Over the last two years, agents have been on the front lines fielding an increased number of customer frustrations due to widespread issues our world hadn’t dealt with before.

Extreme supply chain disruptions and product shortages—on top of dealing with customers who are struggling with their own burnout—has made managing contact centers more challenging than ever.

“Agents have been...fielding an increased number of customer frustrations...”
—Dana Shalev

Nevertheless, contact centers can thrive by addressing three major drivers:

  • Workplace flexibility. After successfully adapting to remote work with few options, minimal support, and expedited timelines, agents have embraced the same benefits of WFH as other employees: the lack of commute, minimal distractions, and enhanced work-life balance.
  • With customers needing 24/7 support, companies must leverage WFM solutions to address the needs of the business while enabling the flexibility their employees crave. Like other remote workers, contact center agents want to be able to make a quick grocery trip in the middle of the day or pick their children up from school.
  • Better WFM solutions can help contact centers permanently adapt to hybrid or remote working models to meet agents’ needs through adaptive scheduling or even split shifts.
  • Agent experience. Being a contact center agent is a fundamentally stressful job, complicated by technological barriers, siloed systems, and inefficient resources. Upgrading your technology stack to support unified, integrated systems means happier and more efficient employees.
  • Similarly, task automation can prevent employees from performing excessive, repetitive tasks that often lead to burnout.
  • Utilizing machine learning and AI to automate redundant, mundane tasks and deploying self-service technologies that empower customers to resolve simple issues on their own can shift agent work from task-based to solutioning. This leads to an increased sense of purpose and decreased boredom.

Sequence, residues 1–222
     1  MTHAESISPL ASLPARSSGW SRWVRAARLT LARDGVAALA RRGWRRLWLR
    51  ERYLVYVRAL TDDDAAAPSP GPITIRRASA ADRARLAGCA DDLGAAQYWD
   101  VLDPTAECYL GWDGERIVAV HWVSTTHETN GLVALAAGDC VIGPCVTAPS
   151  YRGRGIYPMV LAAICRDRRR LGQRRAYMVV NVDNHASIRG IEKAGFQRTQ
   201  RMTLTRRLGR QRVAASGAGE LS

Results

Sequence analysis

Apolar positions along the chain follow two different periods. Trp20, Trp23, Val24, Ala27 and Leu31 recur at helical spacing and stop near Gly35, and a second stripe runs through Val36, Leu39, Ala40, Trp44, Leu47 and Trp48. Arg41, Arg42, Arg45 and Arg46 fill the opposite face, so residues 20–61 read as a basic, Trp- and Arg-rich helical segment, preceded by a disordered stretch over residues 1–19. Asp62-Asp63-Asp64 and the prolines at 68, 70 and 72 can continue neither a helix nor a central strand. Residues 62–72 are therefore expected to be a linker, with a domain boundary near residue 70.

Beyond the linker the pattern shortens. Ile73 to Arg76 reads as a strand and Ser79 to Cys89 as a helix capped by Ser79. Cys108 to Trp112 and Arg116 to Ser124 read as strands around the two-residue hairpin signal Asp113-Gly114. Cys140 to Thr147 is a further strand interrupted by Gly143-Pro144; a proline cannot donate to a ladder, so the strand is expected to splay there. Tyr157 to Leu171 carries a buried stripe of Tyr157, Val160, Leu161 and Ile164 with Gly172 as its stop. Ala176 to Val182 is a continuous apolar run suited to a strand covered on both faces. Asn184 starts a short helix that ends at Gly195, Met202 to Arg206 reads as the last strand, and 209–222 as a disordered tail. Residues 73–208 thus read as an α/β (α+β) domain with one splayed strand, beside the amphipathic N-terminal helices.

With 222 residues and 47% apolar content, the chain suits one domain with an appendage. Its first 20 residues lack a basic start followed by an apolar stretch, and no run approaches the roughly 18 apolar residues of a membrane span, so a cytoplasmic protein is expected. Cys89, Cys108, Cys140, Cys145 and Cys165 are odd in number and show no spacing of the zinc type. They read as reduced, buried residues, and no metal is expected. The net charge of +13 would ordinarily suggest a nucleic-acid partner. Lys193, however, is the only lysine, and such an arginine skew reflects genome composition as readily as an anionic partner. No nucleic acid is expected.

• Supportive employers. Enabling career advancement by streamlining feedback and performance review processes helps agents gain a clearer picture of metrics, KPIs, and expectations, preventing surprises during the yearly review process.

Realistic goals, hands on coaching, and real-time feedback all provide a supportive, transparent environment for growth and improvement.

An encouraging and constructive workplace environment breeds goal-oriented employees and empowers them to address issues and improve in real time—all of which decreases employee attrition and creates confidence at work.

Q. What are your recommendations to enable contact centers to maximize their workforces and optimize their use of WFM applications?

Trudy Cannon: Brands can optimize their workforce and improve customer and employee engagement by taking a unified approach to WFM systems.

This means one workforce using an integrated set of WFM solutions and processes on one platform that allows employees to access the same tools and knowledge to support their customers without going outside the solutions: which lead to customer data silos and inefficiencies.

This approach orchestrates all aspects of digital-first engagement and WFM under one platform roof, helping brands create positive and personalized experiences for their customers and employees.

Daryl Gonos: Choose a WFM provider that focuses on training, education, and production. Applications like this aren’t a minor widget or add-on.

WFM is the engine that powers your entire contact center. With the expanded footprint of modern WFM, it has an impact on efficiency, productivity, agent engagement, self-service, and reporting on key metrics.

The importance on successfully adopting this technology can’t be overstated. Ensure the provider and platform you choose offers a legitimate path to success.

Dave Hoekstra: It’s important to remember that maximizing the workforce does not necessarily translate to increased efficiency in the contact center.

An engaged workforce is the key ingredient to improving the quality and efficiency of contact centers. You must strike a healthy balance between efficiency, attrition, and occupancy that is good for the organization, not just the service level.